Do me a favour. Dig out a copy of Be My Baby by The Ronettes.
The ideal would be a 7 inch single but I appreciate for most of you the format and the kit to play it on are either up in a loft or forever out of reach. Streaming services are fine. Look, here, I’ll even do the work for you.
All I’m asking is that you listen to the first two bars. Six seconds.
Three hits on a kick drum. One double-handed crack of the snare. And again. There it is. To my mind, the most important drum beat in history.
Sure, there are other contenders. Gregory Coleman’s Amen Break, without which hip-hop would be a very different animal. The insistent pounding of the four-on-the-floor that grounds virtually all dance music. The straight-up one-two bass-snare boom-bap that drives rock and pop. Whatever the hell it is Ringo Starr does.
But God’s Heartbeat? That’s something else. It’s a signifier. A standard raised, streaming out in a sudden warm breeze. The drumbeat that tells a goddamn story.
Route back to Be My Baby. Martin Scorsese understood the mythic resonance at the heart of that beat. That’s why he used it to kick off his breakthrough picture, Mean Streets. I mean just look at this and tell me you don’t want to know more…
There’s something inherently dramatic about God’s Heartbeat. A sense of anticipation. Of tension. I think it’s that tiny breath of space between the bass kicks and that huge whack of the snare. The syncopation of it all. It doesn’t fit the pulse of a metronome. God’s Heartbeat is not a march. It’s a strut. Try walking to it. You’ll find your head nodding, your shoulders working.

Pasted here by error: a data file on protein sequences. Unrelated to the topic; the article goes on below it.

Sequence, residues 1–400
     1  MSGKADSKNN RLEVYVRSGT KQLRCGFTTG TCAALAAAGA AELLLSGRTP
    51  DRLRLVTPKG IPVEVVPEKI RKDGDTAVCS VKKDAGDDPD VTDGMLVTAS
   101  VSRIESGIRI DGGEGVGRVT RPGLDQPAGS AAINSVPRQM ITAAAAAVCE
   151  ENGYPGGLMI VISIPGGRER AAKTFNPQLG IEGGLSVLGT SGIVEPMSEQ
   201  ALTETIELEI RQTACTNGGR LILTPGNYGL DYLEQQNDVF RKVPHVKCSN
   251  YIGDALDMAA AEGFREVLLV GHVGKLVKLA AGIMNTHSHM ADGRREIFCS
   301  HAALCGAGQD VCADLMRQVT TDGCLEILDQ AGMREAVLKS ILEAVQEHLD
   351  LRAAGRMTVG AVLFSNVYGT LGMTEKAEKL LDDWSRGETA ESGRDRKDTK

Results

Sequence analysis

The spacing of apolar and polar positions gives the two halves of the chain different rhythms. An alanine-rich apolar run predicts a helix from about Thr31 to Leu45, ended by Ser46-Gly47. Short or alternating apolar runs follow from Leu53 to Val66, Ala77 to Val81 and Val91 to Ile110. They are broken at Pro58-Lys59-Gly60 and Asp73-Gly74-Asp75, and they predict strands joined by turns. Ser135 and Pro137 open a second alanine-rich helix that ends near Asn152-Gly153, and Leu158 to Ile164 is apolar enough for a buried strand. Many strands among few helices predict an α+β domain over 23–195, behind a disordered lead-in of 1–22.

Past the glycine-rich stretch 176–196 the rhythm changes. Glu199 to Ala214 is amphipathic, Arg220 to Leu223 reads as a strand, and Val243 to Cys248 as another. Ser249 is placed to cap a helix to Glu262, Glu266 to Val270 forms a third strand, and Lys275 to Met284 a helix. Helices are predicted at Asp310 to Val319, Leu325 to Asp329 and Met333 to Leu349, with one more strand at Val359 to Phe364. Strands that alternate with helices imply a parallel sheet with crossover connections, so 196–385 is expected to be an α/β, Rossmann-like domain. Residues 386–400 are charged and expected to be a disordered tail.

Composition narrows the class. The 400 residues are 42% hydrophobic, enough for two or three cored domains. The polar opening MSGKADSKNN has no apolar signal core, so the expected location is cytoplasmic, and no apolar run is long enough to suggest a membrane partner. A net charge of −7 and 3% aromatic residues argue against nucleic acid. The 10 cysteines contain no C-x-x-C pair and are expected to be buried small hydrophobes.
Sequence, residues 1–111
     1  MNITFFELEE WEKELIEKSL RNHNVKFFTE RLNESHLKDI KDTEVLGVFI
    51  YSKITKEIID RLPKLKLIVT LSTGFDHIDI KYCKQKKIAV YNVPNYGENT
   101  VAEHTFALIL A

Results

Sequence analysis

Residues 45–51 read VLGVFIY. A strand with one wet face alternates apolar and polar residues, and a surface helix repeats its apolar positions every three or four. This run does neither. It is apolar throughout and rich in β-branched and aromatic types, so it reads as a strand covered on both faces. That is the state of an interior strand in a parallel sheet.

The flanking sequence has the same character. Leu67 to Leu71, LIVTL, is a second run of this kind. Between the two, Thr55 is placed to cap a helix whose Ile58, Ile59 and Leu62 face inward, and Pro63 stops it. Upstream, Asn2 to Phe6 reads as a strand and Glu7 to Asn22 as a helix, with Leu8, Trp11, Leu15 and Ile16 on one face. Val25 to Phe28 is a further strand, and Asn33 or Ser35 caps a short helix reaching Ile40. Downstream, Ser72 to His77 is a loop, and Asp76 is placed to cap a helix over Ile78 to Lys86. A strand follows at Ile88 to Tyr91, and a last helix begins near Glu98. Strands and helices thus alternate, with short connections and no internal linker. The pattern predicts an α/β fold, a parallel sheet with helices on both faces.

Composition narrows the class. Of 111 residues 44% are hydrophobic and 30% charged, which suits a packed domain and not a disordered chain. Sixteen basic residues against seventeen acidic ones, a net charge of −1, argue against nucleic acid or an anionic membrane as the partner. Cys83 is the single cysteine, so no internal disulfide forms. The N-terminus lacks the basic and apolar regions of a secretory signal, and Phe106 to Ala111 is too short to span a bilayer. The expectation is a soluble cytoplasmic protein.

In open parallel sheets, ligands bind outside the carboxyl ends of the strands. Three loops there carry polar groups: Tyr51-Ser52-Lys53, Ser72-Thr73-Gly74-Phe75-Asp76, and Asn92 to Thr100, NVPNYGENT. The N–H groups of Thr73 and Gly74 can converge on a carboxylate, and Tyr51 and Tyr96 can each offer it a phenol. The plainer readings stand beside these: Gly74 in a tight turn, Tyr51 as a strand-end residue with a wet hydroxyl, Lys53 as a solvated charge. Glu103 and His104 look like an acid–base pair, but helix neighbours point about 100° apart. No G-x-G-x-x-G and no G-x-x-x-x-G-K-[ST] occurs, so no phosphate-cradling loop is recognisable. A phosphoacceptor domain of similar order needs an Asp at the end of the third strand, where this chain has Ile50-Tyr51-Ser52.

So where did it come from? Well, the obvious answer would be lunatic genius Phil Spector, the man behind the Wall Of Sound. Spector was many things––wig aficionado, gun nut (lest we forget, this is the guy that pulled a gun on the goddamn Ramones) but he was no drummer.
We must therefore lay flowers at the grave of Hal Blaine who sadly died in March this year, whose place on the drum stool of the crack session team known as The Wrecking Crew puts him dead centre at the pulse of an extraordinary chunk of the greatest music ever recorded. For we ordinary mortals, the creation of a cultural milestone like the Be My Baby beat would be an unreachable milestone. For Hal, it was just another day on the job. Crazy Phil needs a beat? Fine. Chew on this.
Boom. Boomboom. Crack.
History made in two bars, six seconds, eight hits on a simple studio drum kit.
There is a glorious Spotify playlist that explores all aspects of Hal’s moment of inspiration that sadly labours under the uninspiring title kick. kick-kick. snare. That is, however, the only unfortunate thing about it. Dive in and swim through favourites like the Manics’ Everything Must Go or Johnny Boy’s glorious You Are The Generation That Bought More Shoes And You Get What You Deserve.
But start with Be My Baby. And give thanks for Hal Blaine, throwing punches at Phil Spector. Three to the gut and one hard cross to the jaw.